Let’s be honest, many companies that have moved their manufacturing operations to China have made money. Usually this is accompanied by a solemn-looking old guy sounding the death bell on America’s place in the "new economy" (it is always a "new" economy no matter how old). "America’s days as the economic leader are over," they solemnly warn. "A new day is dawning. The new economic superpower will be China/Asia/Eastern Europe/the Middle East/etc. Yet the new corporate giants such as RIM have come from countries that value people as assets and not liabilities. For instance, 90 percent of all biomedical technology comes from Israel—a place with a population of roughly 7 million people, which offers the highest average wage in the Middle East.

People—Our Long-term Competitive Advantage

Doug Wilwerding is the former CEO of Omnium Worldwide. Omnium is a debt collector that has between 800 and 1,000 employees who operate their call center and try to collect debts for Omnium clients. Debt collection is a very stressful job, with turnover running as high as 150 percent a year. When Wilwerding took over Omnium in 1997, human resources in the company was transactional and disengaged from business operations.

In 2003, Wilwerding undertook a strategy change for the company. He created an internal brand, calling it the "O" factor or "Be O," which became the new catchphrase. "Being O" implied a series of both results and ethics. It was something that people bought into and whose behavior was modeled at the top. The result? Turnover fell by more than one-third, the Earnings before Interest, Taxes, Depreciation and Amortization (EBITDA) was increased by 440 percent and the valuation of the company at the time of its sales increased by 400 percent from 2003.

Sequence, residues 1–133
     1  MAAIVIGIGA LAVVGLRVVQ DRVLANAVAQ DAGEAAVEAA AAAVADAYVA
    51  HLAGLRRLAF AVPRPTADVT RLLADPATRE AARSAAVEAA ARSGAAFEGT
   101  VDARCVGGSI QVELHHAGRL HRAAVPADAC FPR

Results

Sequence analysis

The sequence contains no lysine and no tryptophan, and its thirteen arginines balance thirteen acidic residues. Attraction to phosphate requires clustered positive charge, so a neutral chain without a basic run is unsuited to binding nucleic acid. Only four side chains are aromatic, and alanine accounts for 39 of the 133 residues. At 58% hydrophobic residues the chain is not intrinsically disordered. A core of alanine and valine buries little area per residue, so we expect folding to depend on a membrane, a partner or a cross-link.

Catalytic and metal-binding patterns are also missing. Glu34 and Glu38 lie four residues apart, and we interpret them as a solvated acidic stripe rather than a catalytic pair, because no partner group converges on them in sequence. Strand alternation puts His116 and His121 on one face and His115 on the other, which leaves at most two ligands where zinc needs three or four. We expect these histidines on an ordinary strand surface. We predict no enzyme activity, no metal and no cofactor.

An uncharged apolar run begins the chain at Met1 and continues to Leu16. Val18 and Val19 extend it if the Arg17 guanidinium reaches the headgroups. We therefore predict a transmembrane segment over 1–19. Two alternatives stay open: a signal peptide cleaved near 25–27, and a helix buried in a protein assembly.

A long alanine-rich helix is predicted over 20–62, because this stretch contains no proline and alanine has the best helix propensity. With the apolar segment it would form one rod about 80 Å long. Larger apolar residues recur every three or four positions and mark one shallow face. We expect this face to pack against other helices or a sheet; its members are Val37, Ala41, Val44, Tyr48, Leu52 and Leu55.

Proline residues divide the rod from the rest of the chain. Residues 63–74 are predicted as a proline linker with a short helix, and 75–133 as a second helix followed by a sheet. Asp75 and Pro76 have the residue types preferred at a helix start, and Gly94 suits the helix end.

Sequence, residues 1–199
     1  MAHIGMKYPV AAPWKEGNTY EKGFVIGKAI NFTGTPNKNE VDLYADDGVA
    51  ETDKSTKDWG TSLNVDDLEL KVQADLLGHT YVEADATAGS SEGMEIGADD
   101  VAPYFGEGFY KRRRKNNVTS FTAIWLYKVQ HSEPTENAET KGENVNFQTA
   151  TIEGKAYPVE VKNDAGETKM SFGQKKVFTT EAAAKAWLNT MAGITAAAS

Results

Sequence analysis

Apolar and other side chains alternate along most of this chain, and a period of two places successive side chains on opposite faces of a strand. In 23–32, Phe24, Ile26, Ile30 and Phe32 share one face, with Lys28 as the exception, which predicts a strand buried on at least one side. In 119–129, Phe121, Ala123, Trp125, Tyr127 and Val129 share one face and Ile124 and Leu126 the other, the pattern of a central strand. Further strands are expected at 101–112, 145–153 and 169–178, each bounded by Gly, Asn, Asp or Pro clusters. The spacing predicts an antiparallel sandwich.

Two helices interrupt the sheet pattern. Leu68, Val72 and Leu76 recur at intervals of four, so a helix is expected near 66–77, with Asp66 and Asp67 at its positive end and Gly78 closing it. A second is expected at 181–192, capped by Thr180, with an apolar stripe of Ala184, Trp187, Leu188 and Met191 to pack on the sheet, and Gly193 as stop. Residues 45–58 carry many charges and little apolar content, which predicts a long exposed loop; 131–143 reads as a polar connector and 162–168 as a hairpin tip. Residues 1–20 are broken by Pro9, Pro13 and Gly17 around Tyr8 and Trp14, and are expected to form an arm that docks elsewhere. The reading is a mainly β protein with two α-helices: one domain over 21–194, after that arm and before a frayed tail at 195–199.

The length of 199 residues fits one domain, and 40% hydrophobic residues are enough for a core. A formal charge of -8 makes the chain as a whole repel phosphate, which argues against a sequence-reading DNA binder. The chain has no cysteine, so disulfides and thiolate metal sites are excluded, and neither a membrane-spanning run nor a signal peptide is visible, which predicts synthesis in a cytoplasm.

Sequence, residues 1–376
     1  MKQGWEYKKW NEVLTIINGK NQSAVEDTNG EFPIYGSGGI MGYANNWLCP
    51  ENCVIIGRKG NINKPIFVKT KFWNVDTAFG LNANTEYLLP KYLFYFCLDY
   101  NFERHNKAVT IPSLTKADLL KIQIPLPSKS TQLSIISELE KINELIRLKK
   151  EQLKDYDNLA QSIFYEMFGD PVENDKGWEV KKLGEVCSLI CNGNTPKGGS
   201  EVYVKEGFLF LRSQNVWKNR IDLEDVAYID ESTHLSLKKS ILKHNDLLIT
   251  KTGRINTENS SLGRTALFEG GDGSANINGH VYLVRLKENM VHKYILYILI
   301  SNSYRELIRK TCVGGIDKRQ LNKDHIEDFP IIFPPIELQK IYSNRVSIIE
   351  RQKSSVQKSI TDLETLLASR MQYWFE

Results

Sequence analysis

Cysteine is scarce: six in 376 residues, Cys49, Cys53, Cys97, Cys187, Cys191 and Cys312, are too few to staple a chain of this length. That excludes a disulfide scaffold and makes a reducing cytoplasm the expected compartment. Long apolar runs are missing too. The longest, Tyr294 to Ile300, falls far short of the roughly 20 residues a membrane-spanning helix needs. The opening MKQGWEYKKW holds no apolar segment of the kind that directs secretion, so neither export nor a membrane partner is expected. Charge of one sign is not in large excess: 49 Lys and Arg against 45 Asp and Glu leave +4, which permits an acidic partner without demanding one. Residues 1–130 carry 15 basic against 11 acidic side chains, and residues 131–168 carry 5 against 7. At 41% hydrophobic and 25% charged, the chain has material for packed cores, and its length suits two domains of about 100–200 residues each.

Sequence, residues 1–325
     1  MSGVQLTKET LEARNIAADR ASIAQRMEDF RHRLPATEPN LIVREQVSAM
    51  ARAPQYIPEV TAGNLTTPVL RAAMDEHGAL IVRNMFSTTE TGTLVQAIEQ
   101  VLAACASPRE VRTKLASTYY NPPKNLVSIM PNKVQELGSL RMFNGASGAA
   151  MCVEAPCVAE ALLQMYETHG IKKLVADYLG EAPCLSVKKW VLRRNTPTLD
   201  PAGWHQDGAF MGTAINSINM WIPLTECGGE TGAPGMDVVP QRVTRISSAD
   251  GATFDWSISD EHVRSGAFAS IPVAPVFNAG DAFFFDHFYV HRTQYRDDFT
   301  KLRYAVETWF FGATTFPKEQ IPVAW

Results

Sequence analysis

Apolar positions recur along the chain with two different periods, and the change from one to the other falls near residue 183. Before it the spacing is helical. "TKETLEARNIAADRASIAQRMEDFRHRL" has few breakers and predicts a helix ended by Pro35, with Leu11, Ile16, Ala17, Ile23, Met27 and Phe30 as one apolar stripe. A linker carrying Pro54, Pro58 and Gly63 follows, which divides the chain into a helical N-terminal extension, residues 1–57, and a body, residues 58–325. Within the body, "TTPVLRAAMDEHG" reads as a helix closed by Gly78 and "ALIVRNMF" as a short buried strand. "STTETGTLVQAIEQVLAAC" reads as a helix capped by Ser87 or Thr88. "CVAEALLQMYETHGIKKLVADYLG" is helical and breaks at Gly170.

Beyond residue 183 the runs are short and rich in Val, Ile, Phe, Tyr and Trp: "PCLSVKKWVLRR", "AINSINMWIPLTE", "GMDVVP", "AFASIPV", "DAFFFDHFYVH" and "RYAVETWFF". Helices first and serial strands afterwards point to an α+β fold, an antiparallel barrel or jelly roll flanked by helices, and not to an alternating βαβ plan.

The Lifespan of a Company

In the book The Living Company, Arie de Geus examined the list of Fortune 500 companies in 1977, and in a 20 year span found that over 1/3 of them no longer existed. For instance, out of the 10 companies that founded the New York Stock Exchange, only one is currently still in existence (General Electric). Why do some companies last only a few years (remember Enron?) while others, such as GE, are around for over 100 years? He found that there are four common components to living companies that exist over a long-term period. They are: